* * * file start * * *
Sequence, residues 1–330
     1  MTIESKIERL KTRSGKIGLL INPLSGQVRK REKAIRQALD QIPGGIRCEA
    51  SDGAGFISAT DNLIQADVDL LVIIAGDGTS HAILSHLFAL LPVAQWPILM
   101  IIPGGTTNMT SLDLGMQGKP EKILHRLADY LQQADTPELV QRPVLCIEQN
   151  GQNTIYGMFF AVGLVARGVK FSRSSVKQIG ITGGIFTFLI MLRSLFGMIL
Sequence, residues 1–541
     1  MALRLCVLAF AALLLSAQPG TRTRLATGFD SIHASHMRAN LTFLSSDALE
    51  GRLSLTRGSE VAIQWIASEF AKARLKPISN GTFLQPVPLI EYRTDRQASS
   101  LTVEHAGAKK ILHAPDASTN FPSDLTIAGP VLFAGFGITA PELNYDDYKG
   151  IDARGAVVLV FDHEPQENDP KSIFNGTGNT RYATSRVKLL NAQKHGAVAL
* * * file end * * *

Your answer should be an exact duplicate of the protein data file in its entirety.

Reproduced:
Sequence, residues 1–330
     1  MTIESKIERL KTRSGKIGLL INPLSGQVRK REKAIRQALD QIPGGIRCEA
    51  SDGAGFISAT DNLIQADVDL LVIIAGDGTS HAILSHLFAL LPVAQWPILM
   101  IIPGGTTNMT SLDLGMQGKP EKILHRLADY LQQADTPELV QRPVLCIEQN
   151  GQNTIYGMFF AVGLVARGVK FSRSSVKQIG ITGGIFTFLI MLRSLFGMIL
Sequence, residues 1–541
     1  MALRLCVLAF AALLLSAQPG TRTRLATGFD SIHASHMRAN LTFLSSDALE
    51  GRLSLTRGSE VAIQWIASEF AKARLKPISN GTFLQPVPLI EYRTDRQASS
   101  LTVEHAGAKK ILHAPDASTN FPSDLTIAGP VLFAGFGITA PELNYDDYKG
   151  IDARGAVVLV FDHEPQENDP KSIFNGTGNT RYATSRVKLL NAQKHGAVAL